Please continue to watch this space as it will continue to be updated regularly! In light of recent news (see header image), the full information guide on tips for 'Being Kind Online' can be found in the files section.
Due to school closures, I have also put some top tips for parents and children for remote learning from home in the files section.
Safer Internet Day – 5th February 2019 (It will be celebrated globally with the theme: Together for a better internet).
We all had a fantastic Safer Internet Day. Mrs Seamans and Miss Connolly did a whole school assembly where we looked at the issue of consent and why it was important. We also came up with some initial ideas of how to stay safe online and why it was important before the children went back to class to continue with their learning. We listened to a song and discussed what to do in different scenarios.
We also participated in Safer Internet Day 2020. Watch this space for some information about what we got up to!
National Online Safety is an absolutely amazing website. https://nationalonlinesafety.com/. They have produced some parent guides for apps such as Tik Tok, Instagram, Snapchat, WhatsApp etc which are incredibly useful. I have attached some which I think are the most relevant and appropriate for our children at Britannia. If you go on the website, there are lots of different guides under 'Wake up Wednesday'.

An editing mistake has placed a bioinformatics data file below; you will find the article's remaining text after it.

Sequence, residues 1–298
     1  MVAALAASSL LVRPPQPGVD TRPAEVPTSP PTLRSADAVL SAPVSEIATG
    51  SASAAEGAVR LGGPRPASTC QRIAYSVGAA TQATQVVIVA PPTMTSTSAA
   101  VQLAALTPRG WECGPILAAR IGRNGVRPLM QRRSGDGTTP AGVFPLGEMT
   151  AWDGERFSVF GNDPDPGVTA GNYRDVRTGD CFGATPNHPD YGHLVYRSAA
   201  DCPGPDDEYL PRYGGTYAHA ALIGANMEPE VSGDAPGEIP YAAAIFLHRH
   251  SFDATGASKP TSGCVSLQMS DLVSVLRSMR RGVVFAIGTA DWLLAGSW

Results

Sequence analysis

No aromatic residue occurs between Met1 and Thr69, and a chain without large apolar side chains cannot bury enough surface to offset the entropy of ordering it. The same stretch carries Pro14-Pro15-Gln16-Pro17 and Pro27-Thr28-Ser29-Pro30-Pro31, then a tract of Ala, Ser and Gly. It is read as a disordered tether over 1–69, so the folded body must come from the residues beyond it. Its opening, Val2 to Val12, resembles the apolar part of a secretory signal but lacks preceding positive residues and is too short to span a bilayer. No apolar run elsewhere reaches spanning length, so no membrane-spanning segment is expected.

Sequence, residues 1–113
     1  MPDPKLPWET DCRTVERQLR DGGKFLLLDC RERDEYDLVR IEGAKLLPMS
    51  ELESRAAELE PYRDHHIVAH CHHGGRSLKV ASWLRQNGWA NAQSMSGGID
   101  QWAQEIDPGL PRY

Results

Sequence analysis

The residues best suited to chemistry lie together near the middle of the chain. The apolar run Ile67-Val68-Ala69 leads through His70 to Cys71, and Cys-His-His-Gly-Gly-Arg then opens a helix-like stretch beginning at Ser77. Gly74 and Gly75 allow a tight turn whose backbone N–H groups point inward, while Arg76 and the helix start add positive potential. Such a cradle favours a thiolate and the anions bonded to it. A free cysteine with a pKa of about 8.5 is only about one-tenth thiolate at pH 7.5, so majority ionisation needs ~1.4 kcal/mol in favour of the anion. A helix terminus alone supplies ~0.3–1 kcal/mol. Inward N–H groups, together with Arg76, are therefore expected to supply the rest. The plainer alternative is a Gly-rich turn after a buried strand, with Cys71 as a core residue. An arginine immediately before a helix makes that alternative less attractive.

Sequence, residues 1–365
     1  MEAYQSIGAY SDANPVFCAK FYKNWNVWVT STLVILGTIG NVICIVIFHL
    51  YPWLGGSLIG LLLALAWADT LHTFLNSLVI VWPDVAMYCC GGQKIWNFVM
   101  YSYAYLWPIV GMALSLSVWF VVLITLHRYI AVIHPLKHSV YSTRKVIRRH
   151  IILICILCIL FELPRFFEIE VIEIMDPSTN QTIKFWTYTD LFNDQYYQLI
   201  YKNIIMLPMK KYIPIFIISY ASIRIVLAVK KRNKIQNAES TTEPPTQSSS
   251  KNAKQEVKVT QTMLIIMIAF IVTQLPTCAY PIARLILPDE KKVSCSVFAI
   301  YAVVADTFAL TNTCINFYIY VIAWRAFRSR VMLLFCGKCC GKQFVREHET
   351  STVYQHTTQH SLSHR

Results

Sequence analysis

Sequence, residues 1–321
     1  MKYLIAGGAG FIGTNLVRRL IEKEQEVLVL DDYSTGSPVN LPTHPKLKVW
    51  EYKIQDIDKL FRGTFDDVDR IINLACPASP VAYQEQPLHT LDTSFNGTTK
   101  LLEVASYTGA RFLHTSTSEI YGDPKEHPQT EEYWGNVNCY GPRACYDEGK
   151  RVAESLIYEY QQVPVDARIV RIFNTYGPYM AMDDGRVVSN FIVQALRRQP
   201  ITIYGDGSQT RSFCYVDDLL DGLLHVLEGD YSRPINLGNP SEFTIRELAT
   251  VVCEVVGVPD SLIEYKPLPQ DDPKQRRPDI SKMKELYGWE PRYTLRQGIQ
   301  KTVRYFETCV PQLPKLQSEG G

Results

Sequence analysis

BBC have also created an app called 'Own It' which is absolutely fantastic. Please see the attached letter for an explanation of Own It.
Knowsley CLC who produce our Computing scheme of work, also produce some fantastic Online Safety newsletters every month. To see these, please go to the following page: https://www.britanniaprimary.co.uk/page/newsletters/53836.
They have also produced a really fantastic parental control guide which I have uploaded to this page.
Other useful websites are as follows:
NSPCC Net Aware:
UK Safer Internet Centre
This site contains advice on how to use the internet and new technologies safely and responsibly as well as a range of practical resources, news and events focussing on the safe and responsible use of the internet and new technologies.